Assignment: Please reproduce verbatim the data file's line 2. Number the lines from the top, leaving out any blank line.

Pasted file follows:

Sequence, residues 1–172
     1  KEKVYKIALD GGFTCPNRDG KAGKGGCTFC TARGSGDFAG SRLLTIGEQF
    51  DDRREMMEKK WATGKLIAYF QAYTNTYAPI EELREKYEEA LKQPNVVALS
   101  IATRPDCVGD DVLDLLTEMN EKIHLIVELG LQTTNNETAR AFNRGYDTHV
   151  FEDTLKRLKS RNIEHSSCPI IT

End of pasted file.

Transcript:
     1  KEKVYKIALD GGFTCPNRDG KAGKGGCTFC TARGSGDFAG SRLLTIGEQF